For patients with recurrent glioblastoma (glioblastoma that has returned after initial treatment), researchers have developed a tool that helps predict outcome after surgery. These findings were recently published in the Journal of Clinical Oncology.
Glioblastoma multiforme (GBM) is one of the most common and fatal types of primary brain cancer. It develops from the glial cells, which are the most abundant cells in the nervous system. Glial cells provide supportive functions that facilitate the work of neurons (cells that transmit impulses between the brain, spinal column, and nerves).
Treatment for GBM often involves surgery followed by radiation and chemotherapy with Temodar® (temozolomide). Even with aggressive initial treatment, however, GBM often recurs.
In some cases of GBM recurrence, additional surgery may be considered in order to remove all or as much of the tumor as possible. This can reduce symptoms and improve quality of life, and provide access for targeted treatment. Since surgical procedures for the treatment of brain tumors can be complicated and may involve significant risk, researchers are interested in evaluating strategies to predict outcome after surgery.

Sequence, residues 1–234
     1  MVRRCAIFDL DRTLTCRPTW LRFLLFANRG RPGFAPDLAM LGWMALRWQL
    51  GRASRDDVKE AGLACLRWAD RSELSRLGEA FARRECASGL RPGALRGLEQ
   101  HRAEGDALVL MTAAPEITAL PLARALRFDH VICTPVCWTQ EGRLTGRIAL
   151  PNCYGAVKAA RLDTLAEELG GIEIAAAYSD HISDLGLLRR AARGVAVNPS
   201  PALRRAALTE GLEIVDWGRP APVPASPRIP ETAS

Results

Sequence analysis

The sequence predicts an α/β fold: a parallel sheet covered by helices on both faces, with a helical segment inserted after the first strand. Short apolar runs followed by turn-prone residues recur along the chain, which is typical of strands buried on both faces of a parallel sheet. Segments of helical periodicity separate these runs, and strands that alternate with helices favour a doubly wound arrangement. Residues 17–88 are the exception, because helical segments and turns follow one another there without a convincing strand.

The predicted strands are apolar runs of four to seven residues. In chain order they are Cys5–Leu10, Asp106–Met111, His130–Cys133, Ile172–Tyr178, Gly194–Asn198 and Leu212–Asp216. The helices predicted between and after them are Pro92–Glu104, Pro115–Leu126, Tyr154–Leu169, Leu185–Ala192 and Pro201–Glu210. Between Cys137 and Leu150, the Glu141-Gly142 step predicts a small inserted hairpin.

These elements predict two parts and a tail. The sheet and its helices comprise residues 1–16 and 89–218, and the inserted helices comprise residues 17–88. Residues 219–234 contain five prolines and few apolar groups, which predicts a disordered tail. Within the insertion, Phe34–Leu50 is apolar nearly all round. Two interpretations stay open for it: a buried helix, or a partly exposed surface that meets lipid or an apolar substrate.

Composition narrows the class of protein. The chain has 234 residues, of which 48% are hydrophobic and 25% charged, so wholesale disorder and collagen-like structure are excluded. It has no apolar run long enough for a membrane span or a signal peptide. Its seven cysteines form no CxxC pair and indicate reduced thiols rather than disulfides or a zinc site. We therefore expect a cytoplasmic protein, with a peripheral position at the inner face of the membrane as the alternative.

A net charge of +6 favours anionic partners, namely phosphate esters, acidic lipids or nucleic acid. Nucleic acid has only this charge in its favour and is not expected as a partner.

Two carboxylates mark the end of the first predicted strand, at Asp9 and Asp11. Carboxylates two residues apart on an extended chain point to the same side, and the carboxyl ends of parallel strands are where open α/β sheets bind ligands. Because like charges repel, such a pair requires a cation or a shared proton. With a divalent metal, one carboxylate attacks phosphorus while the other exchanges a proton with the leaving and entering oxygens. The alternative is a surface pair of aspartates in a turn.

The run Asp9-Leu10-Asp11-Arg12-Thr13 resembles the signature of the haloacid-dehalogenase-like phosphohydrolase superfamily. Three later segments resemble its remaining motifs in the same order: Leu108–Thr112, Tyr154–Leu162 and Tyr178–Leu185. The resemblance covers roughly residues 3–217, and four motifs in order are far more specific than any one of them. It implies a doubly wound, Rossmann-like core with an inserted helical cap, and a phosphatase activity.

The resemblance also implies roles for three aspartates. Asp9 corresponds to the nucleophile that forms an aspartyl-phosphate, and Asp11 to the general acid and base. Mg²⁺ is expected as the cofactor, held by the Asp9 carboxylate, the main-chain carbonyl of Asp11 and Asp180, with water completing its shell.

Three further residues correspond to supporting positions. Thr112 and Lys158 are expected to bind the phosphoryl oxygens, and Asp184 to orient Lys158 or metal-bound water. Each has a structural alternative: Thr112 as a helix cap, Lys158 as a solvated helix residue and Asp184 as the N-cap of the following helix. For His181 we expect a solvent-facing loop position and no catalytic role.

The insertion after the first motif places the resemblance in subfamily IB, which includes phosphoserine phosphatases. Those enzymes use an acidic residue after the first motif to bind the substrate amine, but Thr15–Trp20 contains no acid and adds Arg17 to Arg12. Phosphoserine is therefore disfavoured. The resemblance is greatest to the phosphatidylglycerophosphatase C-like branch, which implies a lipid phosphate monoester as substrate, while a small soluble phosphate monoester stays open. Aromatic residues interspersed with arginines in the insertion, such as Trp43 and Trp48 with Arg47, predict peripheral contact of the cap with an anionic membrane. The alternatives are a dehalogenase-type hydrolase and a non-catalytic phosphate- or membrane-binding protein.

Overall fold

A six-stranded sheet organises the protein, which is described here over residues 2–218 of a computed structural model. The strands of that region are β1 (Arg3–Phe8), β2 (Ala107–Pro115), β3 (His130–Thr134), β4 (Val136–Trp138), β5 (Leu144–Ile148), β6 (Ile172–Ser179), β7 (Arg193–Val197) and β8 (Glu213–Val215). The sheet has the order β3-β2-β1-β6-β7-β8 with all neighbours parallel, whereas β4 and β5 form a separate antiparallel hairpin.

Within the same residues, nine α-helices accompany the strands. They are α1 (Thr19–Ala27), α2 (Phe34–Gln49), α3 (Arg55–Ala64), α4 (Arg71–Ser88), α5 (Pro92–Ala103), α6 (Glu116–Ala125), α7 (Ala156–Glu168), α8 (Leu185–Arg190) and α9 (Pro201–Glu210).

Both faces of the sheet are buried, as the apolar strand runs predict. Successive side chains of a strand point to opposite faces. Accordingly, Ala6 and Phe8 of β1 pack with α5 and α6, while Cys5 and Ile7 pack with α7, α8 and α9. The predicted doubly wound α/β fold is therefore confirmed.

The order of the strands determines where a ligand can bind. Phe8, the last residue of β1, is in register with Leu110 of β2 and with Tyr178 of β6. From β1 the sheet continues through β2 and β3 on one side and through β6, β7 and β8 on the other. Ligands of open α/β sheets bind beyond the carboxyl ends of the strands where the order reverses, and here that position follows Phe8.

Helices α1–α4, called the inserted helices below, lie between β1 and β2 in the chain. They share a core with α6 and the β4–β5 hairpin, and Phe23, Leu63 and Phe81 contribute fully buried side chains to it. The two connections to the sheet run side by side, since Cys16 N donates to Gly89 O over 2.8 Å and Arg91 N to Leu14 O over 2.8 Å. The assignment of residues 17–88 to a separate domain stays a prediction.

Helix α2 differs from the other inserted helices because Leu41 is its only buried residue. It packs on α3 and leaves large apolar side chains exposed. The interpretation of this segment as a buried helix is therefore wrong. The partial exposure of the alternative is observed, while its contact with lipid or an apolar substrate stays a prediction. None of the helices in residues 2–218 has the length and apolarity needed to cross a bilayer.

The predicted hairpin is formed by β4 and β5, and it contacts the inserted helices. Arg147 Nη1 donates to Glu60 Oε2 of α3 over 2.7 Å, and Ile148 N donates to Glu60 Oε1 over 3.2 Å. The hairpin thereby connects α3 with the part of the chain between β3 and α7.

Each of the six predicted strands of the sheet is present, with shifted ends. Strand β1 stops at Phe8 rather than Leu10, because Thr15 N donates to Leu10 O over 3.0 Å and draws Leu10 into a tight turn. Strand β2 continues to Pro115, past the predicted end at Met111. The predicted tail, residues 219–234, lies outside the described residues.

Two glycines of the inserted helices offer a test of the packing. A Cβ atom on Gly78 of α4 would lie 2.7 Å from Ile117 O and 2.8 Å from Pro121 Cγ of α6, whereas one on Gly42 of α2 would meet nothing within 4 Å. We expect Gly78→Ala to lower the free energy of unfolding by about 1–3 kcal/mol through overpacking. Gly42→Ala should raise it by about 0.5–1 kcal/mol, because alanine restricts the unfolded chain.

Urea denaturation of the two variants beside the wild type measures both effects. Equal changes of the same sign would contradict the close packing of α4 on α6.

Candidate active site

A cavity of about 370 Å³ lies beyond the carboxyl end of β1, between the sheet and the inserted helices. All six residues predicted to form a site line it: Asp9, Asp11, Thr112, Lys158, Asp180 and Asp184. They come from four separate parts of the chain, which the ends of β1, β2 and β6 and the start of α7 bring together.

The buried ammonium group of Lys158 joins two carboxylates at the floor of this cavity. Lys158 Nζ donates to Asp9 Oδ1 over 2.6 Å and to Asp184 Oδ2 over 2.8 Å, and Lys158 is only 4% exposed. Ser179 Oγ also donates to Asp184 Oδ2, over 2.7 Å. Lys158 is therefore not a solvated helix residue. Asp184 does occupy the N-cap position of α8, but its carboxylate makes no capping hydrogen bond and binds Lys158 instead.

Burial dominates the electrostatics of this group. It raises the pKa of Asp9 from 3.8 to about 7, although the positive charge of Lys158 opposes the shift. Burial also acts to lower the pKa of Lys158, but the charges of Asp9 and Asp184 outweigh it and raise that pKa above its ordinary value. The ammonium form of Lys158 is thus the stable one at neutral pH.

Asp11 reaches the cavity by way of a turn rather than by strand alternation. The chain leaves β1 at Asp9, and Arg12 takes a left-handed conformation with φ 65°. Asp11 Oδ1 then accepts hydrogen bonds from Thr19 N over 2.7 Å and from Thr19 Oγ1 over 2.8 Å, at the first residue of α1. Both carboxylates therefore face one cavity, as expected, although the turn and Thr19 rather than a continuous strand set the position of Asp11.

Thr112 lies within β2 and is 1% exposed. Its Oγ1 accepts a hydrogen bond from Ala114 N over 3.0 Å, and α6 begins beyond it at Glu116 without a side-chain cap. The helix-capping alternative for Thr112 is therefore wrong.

In this study, researchers sought to develop a preoperative scale that would help to predict survival in patients undergoing surgical treatment of recurrent GBM. Data were analyzed for 34 patients with recurrent GBM who underwent surgery. The scale that was developed from these data was then validated in a separate cohort of 109 patients.
Factors linked with poor outcome were greater tumor involvement of critical brain regions, poor performance status, and larger tumor volume. By assigning points to each factor, patients were categorized on the basis of expected outcome (see Table).
Table: Preoperative scale to predict outcomes for surgical treatment of recurrent GBM
The researchers concluded that this preoperative scale may provide useful information for recurrent GBM patients who are considering surgery.